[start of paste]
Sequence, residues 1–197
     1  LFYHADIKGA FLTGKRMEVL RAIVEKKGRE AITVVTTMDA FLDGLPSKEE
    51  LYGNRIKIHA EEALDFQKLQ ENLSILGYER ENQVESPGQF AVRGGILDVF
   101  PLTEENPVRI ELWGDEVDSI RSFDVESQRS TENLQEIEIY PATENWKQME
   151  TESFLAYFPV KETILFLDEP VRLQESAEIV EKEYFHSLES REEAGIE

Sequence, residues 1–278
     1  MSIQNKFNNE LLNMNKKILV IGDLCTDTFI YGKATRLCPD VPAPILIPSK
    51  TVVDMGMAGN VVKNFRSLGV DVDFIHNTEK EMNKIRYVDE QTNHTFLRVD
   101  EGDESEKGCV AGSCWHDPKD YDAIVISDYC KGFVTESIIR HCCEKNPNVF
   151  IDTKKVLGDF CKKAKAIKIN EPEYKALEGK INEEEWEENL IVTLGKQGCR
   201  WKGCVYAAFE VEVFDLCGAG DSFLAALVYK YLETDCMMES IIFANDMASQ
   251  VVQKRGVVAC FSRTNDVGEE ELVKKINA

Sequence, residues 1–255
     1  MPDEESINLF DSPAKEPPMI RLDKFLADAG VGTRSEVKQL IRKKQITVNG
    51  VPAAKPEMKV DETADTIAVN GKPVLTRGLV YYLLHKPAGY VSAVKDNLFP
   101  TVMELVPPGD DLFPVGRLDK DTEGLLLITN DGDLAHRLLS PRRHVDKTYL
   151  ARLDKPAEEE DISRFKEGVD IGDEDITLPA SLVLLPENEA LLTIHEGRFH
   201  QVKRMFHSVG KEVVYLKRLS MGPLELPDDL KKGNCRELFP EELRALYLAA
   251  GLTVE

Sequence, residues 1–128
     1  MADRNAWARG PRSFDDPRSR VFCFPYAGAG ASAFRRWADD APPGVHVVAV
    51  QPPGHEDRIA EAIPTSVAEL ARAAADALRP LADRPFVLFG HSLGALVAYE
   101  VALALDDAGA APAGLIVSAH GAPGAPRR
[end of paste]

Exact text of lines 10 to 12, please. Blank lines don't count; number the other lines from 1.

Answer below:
   151  IDTKKVLGDF CKKAKAIKIN EPEYKALEGK INEEEWEENL IVTLGKQGCR
   201  WKGCVYAAFE VEVFDLCGAG DSFLAALVYK YLETDCMMES IIFANDMASQ
   251  VVQKRGVVAC FSRTNDVGEE ELVKKINA